Symposium on the Creek War

I’m doing a talk at Auburn University’s symposium “The Creek War and War of 1812 in the South,” May 22-23 in Auburn and at the Horseshoe Bend battlefield park. The website is at auburn.edu/creekwar

Some widely read historians will be taking part, including Gregory Dowd (A Spirited Resistance), John Grenier (The First Way of War), David and Jeanne Heidler (Old Hickory’s War), and Greg Waselkov (A Conquering Spirit). The Creek War is notable not only for including some of the deadliest battles ever fought between Indians and U.S. settlers. It also led to the conquest of the Creek Nation, which in turn opened the Deep South to settlement by slaveholding cotton planters. It also launched future president Andrew Jackson to national fame.

My contribution will be to talk about Burnt Corn, the fight that turned a Creek civil war into a war between Indians and Americans. The episode, which ended in a rout of the American militia by a smaller Indian force, was the subject of what we now call “spin,” from more than one quarter. I’ll be dealing with claims that the Creek Indians were tools of America’s British enemy.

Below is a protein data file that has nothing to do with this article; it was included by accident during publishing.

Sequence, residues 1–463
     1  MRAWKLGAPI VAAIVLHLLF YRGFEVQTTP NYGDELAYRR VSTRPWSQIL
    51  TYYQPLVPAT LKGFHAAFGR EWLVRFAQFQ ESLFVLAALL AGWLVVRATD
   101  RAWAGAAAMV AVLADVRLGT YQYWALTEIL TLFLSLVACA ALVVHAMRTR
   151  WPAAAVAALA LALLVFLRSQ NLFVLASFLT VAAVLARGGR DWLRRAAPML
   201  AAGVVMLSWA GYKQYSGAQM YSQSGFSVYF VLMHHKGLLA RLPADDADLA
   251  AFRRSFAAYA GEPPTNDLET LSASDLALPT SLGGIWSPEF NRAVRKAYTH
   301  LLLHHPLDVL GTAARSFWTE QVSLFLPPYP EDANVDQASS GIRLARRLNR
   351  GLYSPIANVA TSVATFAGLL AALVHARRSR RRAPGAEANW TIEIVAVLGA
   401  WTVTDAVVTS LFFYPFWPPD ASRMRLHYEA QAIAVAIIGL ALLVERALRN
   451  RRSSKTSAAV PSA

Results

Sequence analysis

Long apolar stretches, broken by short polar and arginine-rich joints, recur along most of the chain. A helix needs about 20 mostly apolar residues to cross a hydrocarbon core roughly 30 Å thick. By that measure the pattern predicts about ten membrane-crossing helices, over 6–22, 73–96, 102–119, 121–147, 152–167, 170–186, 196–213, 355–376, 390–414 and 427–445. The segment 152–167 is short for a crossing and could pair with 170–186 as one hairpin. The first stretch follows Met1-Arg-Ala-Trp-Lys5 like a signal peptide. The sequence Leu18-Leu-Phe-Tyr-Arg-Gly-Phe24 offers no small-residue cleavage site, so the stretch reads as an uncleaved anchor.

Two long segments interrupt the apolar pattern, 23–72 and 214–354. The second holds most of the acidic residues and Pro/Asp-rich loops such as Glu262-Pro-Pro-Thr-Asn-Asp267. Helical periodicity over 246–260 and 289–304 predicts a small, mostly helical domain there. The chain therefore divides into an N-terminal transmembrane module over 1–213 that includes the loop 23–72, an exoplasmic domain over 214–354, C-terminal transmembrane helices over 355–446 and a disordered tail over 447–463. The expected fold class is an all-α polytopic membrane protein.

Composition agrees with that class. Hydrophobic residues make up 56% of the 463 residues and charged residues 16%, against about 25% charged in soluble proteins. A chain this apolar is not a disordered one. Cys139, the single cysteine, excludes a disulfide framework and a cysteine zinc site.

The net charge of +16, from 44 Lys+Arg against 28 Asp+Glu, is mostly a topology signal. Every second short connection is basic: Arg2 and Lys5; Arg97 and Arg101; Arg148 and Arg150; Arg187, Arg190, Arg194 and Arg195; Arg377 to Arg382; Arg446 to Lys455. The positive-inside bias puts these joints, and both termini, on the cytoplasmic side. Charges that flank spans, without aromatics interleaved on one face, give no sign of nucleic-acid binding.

One of the most curious facts about the battle is that it inspired Alabama’s first home-grown literary work, a mock-heroic poem about the commander of the militia at Burnt Corn called The Last Battle of Sir John Falstaff the 2nd, or, The Hero of the Burnt-Corn Fight. I think it’s a good example of the genre, a slashing satire full of self-reflexive humor and playful allusions, which deserves to be remembered for its own sake. I won’t go into this at the conference, but I believe the poem, by one Lewis Sewall, fell into oblivion because it jarred in so many ways with the canonical origin myth of the Deep South.

Contrast A.B. Meeks’ sentimental romance The Red Eagle, which embroiders the life of Scotch-Indian William Weatherford. It was reborn in handsome 20th-century editions used to afflict generations of Alabama schoolchildren. While I don’t imagine the kids are waiting breathlessly for another 19th-century poem to memorize, I do think it’s high time the rest of us had a new edition of Falstaff the 2nd. Today the poem only survives in a few damaged copies guarded by archivists. Philip D. Beidler at the University of Alabama has published more about this subject than anyone else.

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